The Chrome developers have provided some funny error messages (if an error can be considered funny). If Chrome gives you the dark grey “Aw Snap!” page which also says “Something went wrong while displaying this webpage,” it might not be your web page at all. Chrome has a tendency to crash on some PCs depending on system settings and other installed applications. Try a few other well-known web pages, and see if they crash. Also try closing Chrome, re-launching it, and then test your web pages again. Some people have found Chrome to be unstable on some PCs. Google intends for Chrome to become more sturdy with each new version.

    Bug Reporting

    If you find a bug with Chrome’s rendering, report it! You will be making the world a better place. Google maintains a public bug list for Chrome at

    Written exclusively for WDD by Derek Underwood, a professional web designer and software developer. You can read more about Derek and contact him at his website: Number 1 According to Alexa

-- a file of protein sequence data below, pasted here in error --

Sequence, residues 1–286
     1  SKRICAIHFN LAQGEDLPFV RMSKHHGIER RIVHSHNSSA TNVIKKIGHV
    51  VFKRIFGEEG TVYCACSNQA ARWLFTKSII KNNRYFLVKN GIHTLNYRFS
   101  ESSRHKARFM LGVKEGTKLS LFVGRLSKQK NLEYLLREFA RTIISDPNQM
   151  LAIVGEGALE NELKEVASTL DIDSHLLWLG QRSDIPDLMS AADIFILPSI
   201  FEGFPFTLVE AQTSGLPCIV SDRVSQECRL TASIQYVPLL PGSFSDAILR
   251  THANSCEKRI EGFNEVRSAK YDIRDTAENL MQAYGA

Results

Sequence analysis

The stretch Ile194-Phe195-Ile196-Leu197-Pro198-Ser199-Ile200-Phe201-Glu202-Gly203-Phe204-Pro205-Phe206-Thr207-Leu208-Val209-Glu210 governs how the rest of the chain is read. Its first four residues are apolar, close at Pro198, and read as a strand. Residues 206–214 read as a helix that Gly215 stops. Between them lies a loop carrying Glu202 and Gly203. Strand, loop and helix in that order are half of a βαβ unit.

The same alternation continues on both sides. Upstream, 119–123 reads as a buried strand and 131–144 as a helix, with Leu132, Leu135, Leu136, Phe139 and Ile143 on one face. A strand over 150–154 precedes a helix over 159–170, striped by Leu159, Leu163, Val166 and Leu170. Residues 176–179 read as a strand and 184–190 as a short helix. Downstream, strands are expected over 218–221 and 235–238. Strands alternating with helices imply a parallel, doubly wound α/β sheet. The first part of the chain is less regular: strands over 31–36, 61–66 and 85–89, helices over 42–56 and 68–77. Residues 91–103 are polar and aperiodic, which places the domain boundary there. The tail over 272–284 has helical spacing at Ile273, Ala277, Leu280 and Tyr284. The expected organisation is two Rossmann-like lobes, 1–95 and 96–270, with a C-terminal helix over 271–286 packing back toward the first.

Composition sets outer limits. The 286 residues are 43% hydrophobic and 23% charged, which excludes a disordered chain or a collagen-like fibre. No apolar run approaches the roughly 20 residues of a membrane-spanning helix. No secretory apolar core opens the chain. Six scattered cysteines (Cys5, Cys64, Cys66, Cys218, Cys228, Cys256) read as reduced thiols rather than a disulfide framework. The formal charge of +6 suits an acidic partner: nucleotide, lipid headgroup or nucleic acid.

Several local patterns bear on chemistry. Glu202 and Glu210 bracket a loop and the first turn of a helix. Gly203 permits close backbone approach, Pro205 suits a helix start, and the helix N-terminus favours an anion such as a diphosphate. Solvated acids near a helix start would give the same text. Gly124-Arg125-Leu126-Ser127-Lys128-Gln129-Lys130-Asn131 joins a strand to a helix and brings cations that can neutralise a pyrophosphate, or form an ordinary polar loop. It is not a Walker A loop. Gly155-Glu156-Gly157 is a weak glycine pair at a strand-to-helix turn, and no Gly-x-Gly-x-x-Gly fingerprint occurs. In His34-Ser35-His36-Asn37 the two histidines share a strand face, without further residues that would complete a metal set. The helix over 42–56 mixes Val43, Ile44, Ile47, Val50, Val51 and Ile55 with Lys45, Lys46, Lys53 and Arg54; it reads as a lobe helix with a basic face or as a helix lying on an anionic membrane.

March 17th, 2009 No comments is a well known web traffic statistics website. It tracks websites visited by persons who have opted to install an Alexa toolbar in Microsoft’s Internet Explorer or Sparky plugin in Mozilla’s Firefox. Alexa’s ranking has been criticized over the years for being unreliable but many website owners and advertisers still use it as a measuring stick to rank the popularity of a website.

    For many years was the most trafficked website in the world according to Alexa but recently has been overtaken my as the most trafficked website in the world at least for web users with the Alexa toolbar or sparky plugin installed.




    Top 10 Sites according to Alexa

    Categories: Others, Webmasters Resources Tags: ,